Roadside America: Drinkin’ Moonshine In The Cornfields Of Culpeper, Virginia

Chuck Miller not only speaks in the same Southern twang as Jed Clampett from “The Beverly Hillbillies,” but he kind of looks like him, too. Dressed in a straw cowboy hat and a button-up shirt tucked into his jeans, the silver mustachioed farmer’s destiny, however, didn’t lie in black gold – instead it was in corn whiskey.

Along with his wife Jeanette, Miller owns Belmont Farm Distillery, where he produces a true American spirit: moonshine. The homemade corn whiskey is made in the Appalachian tradition using a recipe passed down from his grandfather, a real bootlegger who supplied thirsty flappers with the drink during Prohibition.

Unlike his grandfather, however, Miller’s moonshine is legal. It’s even sold in Alcoholic Beverage Control (ABC) stores throughout Virginia. Even better, this concoction is as straight-from-the-source as you can get; every single ingredient in the hooch is grown right on the Miller’s 189-acre farm. Even the leftovers are used to feed the livestock at the farm, which is why Miller explained they have very “happy cows.”

“We make it all the way from scratch, and we use the old time methods,” explained Miller, the master moonshine distiller.

Even though you can purchase Miller’s corn whiskey in stores throughout the country (and in some cases abroad), one can only get a true taste for the spirit by visiting the distillery, which lies off a dusty road about 15 minutes from downtown Culpeper, Virginia.


The couple’s distillery sits in the middle of a cornfield and was built using the remains of a church that burned down in the 1960s. The only leftover evidence of the building’s former incarnation is a pair of peaked doors that lead to the gift shop and the start of a distillery tour, which is open to anyone who passes by.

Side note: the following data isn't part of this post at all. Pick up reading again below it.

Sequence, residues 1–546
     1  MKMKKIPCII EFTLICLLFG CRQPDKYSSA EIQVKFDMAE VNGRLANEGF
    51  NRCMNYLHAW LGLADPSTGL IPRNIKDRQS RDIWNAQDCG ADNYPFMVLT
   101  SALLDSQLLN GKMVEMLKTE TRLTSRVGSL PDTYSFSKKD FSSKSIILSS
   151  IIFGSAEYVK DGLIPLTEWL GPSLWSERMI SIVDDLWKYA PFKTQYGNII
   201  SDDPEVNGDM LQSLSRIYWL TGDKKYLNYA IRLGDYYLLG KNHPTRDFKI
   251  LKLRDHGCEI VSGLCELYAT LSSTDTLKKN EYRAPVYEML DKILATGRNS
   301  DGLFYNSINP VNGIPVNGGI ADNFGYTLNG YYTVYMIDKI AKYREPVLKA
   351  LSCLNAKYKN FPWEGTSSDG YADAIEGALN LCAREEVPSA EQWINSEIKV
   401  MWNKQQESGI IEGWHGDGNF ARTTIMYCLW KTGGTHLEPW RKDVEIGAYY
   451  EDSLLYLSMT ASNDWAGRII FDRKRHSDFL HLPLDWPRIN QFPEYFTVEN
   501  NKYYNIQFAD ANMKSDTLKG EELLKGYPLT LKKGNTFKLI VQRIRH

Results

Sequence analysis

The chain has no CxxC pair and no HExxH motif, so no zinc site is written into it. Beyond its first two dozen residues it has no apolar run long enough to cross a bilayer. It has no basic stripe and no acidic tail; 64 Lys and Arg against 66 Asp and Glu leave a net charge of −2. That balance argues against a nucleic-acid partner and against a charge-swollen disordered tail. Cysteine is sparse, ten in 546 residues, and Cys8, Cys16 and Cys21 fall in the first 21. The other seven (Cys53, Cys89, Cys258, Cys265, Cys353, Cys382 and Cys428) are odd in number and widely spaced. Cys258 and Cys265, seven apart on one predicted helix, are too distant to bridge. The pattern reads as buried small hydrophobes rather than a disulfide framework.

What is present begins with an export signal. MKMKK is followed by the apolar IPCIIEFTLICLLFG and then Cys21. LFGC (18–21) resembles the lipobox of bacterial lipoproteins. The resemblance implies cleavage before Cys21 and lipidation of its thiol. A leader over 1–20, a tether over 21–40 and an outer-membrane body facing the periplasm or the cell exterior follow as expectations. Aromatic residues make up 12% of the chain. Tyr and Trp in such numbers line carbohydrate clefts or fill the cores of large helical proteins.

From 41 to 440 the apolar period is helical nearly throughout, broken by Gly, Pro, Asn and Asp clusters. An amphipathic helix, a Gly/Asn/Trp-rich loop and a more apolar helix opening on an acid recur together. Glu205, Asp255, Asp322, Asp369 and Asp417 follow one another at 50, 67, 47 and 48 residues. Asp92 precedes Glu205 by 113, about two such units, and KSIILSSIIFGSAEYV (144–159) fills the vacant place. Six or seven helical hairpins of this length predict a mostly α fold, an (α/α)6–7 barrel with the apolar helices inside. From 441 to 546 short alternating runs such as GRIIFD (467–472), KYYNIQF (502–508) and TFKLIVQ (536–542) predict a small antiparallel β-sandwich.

If your lucky, Miller himself will lead you on the tour. As you wind your way through the tiny distillery, he’ll spout off facts about the Prohibition-era copper pot he uses and allow you to take a big whiff of the drink as it’s being made (if you can handle it, that is). You’ll also understand why this drink became known as “white lighting,” a nickname given because it’s bottled straight from the still without any aging. This method was developed so that bootleggers – including Miller’s grandfather – would be able to produce the spirit quickly.

But just because Miller’s moonshine is made quickly doesn’t mean it’s made with any less expertise or enthusiasm, a fact that becomes immediately clear within moments of stepping into the distillery. Miller himself has encyclopedic knowledge of the drink.

“The first time corn whiskey was ever made was in 1612 at the Jamestown Colony,” explained Miller as he bounced around from machine to machine. “The settlers had the technology, and the Indians had the corn.”

As you’ll see on the tour, the resulting spirit is clear like a vodka and although it smells a bit like rubbing alcohol, it goes down smoother than many other whiskies. And even though the drink is technically a whiskey, this is one place that you won’t find on the American Whiskey Trail.

“We asked to be on the Whiskey Trail, but they didn’t think moonshine was suitable,” said Miller with a smile. “So if you see any of those Whiskey Trail people you tell them they’re missing a big thing!”

Tours of Belmont Farm Distillery are offered Tuesday through Saturday from April 1 through December 24. Groups of 12 or less depart every 15 minutes.

[Photo by Libby Zay]